July 18, 2006
Subject: Round Robin Testing of a Supplement to D 2369 for Determining the VOC of Multi-Component, High-Solids, Addition or Free-Radical Cured Resin Systems
To: ASTM D-01.21.24 (Task Group for Fast Cure Multi-Component Paints)
Cc: ASTM D-01.21 (Chemical Analysis of Paints) and D-01.46 (Industrial Protective Coatings)
From: Fred Gelfant, Chair, Task Group 21.24
ASTM D 2369, Standard Test Method for Volatile Content of Coatings, and EPA's Reference Method 24 (RM 24) are cited as the compliance method in a variety of state and local air pollution regulations. At one time, the two were very similar. Over the last decade, however, the EPA has extended its recognition of appropriate test methods beyond the provisions embodied in 2369.1
There are now three glaring differences between EPA's test guidance and D 2369. D 2369 limits the sample size to 0.3 grams (as RM 24 once did), specifies that a diluent be added to the sample to ensure flow to form a uniformly thin film, and specifies the cure time at a maximum of one hour.2 EPA, on the other hand, has always allowed up to 24 hours for the cure to proceed and, as the Agency has learned more about various polymer chemistries and their application, has authorized larger sample sizes and eliminated the diluent requirement for three different polymer chemistries.
It is now clear that a much larger number of "ultra high" solids (>90% non-volatiles), multi-component, addition or free-radical polymer chemistries measure an artificially high VOC content when diluted with a solvent. These include epoxy, urethane, vinyl ester, polyester, acrylic and polyurea resins. Historically, this has not been an issue since the VOC contents of these very-high solids materials (that are neither "solventborne" nor "waterborne") are so low that even the unrepresentative, VOC measure of adulterated samples comply by a significant margin.
1. The margin of compliance of high solids, multi-component, solvent-adulterated samples will disappear on July 1 when the South Coast Air Quality Management District (SCAQMD) of California is scheduled to implement a "100 grams per liter" limit for industrial maintenance coatings.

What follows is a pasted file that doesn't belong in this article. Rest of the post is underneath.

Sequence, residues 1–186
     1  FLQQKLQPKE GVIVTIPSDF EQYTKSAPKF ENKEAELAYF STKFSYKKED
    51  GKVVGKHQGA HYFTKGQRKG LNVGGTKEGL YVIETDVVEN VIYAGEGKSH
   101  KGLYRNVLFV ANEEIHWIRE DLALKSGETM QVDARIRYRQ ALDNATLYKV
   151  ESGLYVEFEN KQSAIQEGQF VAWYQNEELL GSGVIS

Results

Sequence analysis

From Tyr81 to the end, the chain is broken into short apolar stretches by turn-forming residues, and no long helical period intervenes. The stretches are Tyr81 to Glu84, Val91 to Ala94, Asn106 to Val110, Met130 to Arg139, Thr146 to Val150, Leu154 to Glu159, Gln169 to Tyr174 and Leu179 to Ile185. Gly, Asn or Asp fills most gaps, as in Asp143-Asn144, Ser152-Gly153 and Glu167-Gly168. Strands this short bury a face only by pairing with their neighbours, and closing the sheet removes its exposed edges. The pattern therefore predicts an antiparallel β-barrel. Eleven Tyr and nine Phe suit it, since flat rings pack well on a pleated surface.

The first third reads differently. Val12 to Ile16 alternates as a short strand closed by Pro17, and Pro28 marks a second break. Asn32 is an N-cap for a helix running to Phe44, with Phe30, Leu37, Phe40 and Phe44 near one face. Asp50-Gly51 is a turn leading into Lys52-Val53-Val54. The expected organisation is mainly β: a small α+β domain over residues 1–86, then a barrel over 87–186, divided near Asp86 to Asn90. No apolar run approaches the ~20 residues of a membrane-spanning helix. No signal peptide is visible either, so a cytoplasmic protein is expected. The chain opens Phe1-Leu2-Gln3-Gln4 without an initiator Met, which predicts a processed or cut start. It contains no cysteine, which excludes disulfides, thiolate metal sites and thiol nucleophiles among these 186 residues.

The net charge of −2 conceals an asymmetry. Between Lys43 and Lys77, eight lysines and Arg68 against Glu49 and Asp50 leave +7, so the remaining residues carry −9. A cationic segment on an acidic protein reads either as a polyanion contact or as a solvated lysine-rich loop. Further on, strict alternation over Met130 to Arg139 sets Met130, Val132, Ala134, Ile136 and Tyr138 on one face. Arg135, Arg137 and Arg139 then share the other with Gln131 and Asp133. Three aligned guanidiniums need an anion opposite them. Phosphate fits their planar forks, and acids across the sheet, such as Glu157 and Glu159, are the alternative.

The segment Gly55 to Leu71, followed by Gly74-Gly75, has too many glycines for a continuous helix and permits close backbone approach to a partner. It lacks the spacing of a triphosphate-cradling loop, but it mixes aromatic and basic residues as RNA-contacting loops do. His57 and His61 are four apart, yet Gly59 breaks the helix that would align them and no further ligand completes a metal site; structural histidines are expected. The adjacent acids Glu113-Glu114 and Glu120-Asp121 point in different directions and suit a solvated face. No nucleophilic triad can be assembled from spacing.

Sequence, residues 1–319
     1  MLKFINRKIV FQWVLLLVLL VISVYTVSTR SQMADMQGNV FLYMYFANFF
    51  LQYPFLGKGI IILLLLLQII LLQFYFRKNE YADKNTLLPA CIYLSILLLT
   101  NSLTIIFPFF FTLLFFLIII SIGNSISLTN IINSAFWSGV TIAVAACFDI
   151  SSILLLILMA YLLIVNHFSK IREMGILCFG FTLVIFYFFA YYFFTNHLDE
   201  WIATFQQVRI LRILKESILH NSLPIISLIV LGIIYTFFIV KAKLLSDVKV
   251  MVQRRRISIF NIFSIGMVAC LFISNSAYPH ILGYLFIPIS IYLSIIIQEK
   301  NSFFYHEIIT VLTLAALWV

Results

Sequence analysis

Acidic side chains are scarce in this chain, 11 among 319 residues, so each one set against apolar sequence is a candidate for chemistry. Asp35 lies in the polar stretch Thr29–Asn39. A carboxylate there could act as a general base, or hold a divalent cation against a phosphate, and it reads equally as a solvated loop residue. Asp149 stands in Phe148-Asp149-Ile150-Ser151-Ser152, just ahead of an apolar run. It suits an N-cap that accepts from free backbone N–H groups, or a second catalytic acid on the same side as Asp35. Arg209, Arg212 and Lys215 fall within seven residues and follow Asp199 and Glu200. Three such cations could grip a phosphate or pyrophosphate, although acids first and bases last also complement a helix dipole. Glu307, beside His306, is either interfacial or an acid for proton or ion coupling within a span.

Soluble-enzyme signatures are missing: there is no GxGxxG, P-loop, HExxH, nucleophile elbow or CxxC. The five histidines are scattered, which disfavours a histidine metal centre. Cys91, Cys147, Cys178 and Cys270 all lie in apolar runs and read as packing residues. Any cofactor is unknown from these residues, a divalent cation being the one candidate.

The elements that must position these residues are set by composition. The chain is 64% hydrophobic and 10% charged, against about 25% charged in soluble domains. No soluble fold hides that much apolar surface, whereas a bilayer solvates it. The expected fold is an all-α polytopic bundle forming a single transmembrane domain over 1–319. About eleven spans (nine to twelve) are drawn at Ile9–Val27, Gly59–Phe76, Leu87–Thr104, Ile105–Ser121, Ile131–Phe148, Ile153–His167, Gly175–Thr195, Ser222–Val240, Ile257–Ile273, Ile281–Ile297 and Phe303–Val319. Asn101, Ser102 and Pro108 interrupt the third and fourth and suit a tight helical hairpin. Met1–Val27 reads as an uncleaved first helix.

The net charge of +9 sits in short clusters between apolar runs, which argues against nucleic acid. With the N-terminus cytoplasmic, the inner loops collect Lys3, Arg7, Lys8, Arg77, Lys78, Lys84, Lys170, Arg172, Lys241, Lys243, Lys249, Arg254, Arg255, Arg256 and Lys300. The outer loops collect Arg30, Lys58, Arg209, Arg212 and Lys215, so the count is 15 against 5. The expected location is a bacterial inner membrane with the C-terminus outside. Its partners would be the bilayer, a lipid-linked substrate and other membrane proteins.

2. D 2369 is no longer consistent with Federal guidance on testing for compliance with VOC regulations.
3. RM 24 has not yet extended the applicability of its larger sample, dilution-free, alternative test method to the additional chemistries noted above.3
Action Taken by D-01.21 (Chemical Analysis of Paints) at June Meeting
After reviewing a draft of a revised D 2369, in which instructions for VOC analysis of "ultra-high" solids had been incorporated via nine footnotes, attendees voiced concern that an analyst might find the instructions confusing. After some deliberation, it was agreed that the new material should be incorporated directly into the Procedures portion (Section 7) of D 2369 by separating it into four distinct parts. The first three would merely be a rearrangement of the existing instructions for waterborne, solventborne and multicomponent coatings. The fourth would provide instructions for "ultra-high" solids (those with > 90 % non-volatile). The fourth section will also reference those recent pronouncements by EPA for specific coatings that omit the requirement for diluent and sizes the sample in terms "representative of how the product is used," a term used by the EPA.
The new draft is expected to be complete in August. Afterward, the Task Group must determine the inter- and intra-laboratory reproducibility of the new test procedure by:
1. Identifying at least five laboratories that will participate (Assume five samples will be tested.)
2. Implementing the round robin test.
3. Presenting the rearranged D2369 for ballot approval.
By this letter, Task Group 21.24b invites laboratories to volunteer their participation in a round robin study to examine the repeatability and reproducibility of the alternative test for ultra-high solids coatings. (The test, in essence is a typical D 2369 analysis but of a larger sample that is not diluted and undergoes a longer cure induction period.)
With the SCAQMD poised to make its rules more stringent and other air quality regulatory groups (including the North Central and Northeast consortiums of States and Environment Canada) considering adoption of the new rules, the need for an accurate VOC test method could increase dramatically in the near future. If your laboratory is willing to participate in the round robin, notify Jim Berry, Berry Environmental, 5021 Yadkin Drive Suite 202, Raleigh, NC 27609, JimBerryEC@aol.com, phone 919/785.9631.